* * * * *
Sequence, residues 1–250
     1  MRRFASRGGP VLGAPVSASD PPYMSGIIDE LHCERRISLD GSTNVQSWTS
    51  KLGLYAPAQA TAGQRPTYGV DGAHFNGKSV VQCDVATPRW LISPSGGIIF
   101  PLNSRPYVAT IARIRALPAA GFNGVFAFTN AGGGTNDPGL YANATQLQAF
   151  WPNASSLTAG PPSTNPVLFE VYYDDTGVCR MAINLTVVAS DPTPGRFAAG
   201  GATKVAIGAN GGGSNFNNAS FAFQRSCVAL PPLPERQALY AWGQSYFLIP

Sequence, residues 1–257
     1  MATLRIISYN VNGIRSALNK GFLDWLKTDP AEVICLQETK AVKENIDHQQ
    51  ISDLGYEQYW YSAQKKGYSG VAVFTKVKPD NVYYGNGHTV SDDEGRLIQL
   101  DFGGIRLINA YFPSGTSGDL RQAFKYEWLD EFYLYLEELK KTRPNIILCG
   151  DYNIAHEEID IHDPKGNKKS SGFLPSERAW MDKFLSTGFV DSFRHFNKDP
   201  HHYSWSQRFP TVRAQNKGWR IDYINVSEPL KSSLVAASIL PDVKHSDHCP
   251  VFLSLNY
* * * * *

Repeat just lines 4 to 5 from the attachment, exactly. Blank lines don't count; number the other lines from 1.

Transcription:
   101  PLNSRPYVAT IARIRALPAA GFNGVFAFTN AGGGTNDPGL YANATQLQAF
   151  WPNASSLTAG PPSTNPVLFE VYYDDTGVCR MAINLTVVAS DPTPGRFAAG